Artistic Connection: Paintings by George Catlin.
● George Catlin’s background; He was an artist and an explorer.
Cultural Connection: Native American tribes and culture.
Historic Connection & Context:
George Catlin’s background.

● Color wheel
● Hue
● Landscape
● Positive shape
● Unity
● Value
● Variety
Cross Curricular Connections:
Social Studies:
● History lesson about Native American tribes.
Writing & Fluency:
● Write a letter to your future self or perhaps to someone from the future and tell them your
story. Record your story as you see it.

Teaching and Learning Resources:

● Buffalo Hide Art Lesson
● Classroom Management:
● Modifications for visually impaired:
● Modifications for ADD/ADHD

● Standards:
● Nebraska K-12 Fine Arts Standards: Visual Arts (Adopted March 4, 2014).
● George Catlin Paintings
○ Teepee of a Crow Village
Sioux War Council

Modifications and Differentiations:

● For materials:
○ Use different color paints, use markers or crayons or colored pencils
● For students with hearing impairment:
○ Have them sit next to you so they are closer to you as you talk to the class
● For students with visual impairment:

Give the student a template with color contrasting colors, help the student outline
the images with a dark color, guide the students hands to help them locate the
materials, use dimensional glue
● For students with ADD/ADHD:
○ Sit student away from heavy classroom traffic, make sure the student know what
they are learning and what instructions they are going to follow. If need by, break
the assignment down into mini assignments, Give them materials one at time, use
color coordinating and highlight so they focus their attention on it.

Classroom Management Procedures:

1. Keep your students busy:
a. Make sure that your students have instructions they are following and keep
themselves busy.
2. Remind your students of the classroom rules:
a. Always reteach them and keep reteaching them throughout the year.
3. Make sure that the students know when to be quiet:
a. Clap to grab their attention or come up with a quiet please phrase.
4. Bringing rewards (candy, small toys, stickers) for those who are doing a good job.
5. Always use positive reinforcements and tell your students how awesome they are doing.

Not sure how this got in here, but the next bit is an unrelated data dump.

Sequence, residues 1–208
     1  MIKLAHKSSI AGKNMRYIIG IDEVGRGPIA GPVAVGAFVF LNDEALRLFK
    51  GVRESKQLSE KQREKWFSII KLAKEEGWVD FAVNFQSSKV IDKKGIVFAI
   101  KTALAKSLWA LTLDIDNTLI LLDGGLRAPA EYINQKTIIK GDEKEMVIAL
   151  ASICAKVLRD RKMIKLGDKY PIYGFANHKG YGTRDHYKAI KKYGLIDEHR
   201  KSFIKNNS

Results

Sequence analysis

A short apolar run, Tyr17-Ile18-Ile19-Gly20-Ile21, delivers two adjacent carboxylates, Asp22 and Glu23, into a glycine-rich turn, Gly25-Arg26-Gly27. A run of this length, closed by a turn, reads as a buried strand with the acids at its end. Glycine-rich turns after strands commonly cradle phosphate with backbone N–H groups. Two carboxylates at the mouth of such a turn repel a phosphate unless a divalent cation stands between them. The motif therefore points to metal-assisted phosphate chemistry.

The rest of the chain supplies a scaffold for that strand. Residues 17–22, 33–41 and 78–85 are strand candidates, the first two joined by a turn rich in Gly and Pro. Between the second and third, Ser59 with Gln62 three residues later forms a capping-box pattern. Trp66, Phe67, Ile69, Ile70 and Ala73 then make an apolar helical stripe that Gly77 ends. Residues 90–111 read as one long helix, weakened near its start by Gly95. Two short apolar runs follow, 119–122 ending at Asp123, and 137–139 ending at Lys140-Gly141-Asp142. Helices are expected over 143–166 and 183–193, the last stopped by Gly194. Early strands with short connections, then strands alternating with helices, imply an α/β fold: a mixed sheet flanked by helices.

Studio Procedure for Making Art:

1. Bring in paper bags for the “Buffalo Hide” and set out supplies in advance or have

students set up their art station.

2. Have students sit on the floor during “Carpet Time” to discuss the Mandan Village and

other Native American tribes and history.

3. After discussion, give instructions to the students and slowly dismiss them so there is not

heavy traffic in the classroom. Once seated, once again tell students not to touch anything


4. They will take the paper bags, turn them inside them out, or cut them out with scissors.

They will then crumple up the paper and smooth it back out as best as they can.

5. Then, they will take the paint and put it on their palates or paper plates and take their

brushes to paint on the “Buffalo Hide.” Continue to talk to them and call on children to
answer some questions to see if they retained information about the Mandan Village.

Give positive affirmations to students who are creative and to help redirect students as to

what the artistic goal is.

6. For clean-up, have students do it in desk groups or teams. One students will put away the

paint, one with paint brushes, one with trash and paper, and another to wipe down the

tables with disinfecting wipes. Have a place set aside for students to put their work to dry.

Daily Lesson:

Time: Approx. 45 minutes total

● Done without written letter. Letter should be written in Writing Block beforehand.


Activator/Introduction/Motivator/Anticipatory Set/Bell ringer:

● Review what the students have learned about the Native American Cultural, show them

Native American music and talk to them about the Native American symbols and their


Transition/Segway/Cross Curricular Connection:

● Have a student from each table go and grab paper for their tablemates. The paper will

need to be pre-cut and approximately 16.5” x 11.5’. This is optional since you can have

the students cut it out themselves. Have the students crumple the paper and unfold it,

repeat this step until the paper looks like an aged buffalo hide. Have the students tear at

the edges around the paper, remind them to be careful not to tear off too much paper.

Demonstrate how much to tear off and explain why. Pause the lesson and remind your
students of the Native American Symbols and have them pick out the symbols that mean

something to them (family, culture, friends).

Teacher Demo/Direct Instruction:

● After students get an idea of what they want to do with their buffalo hides, have them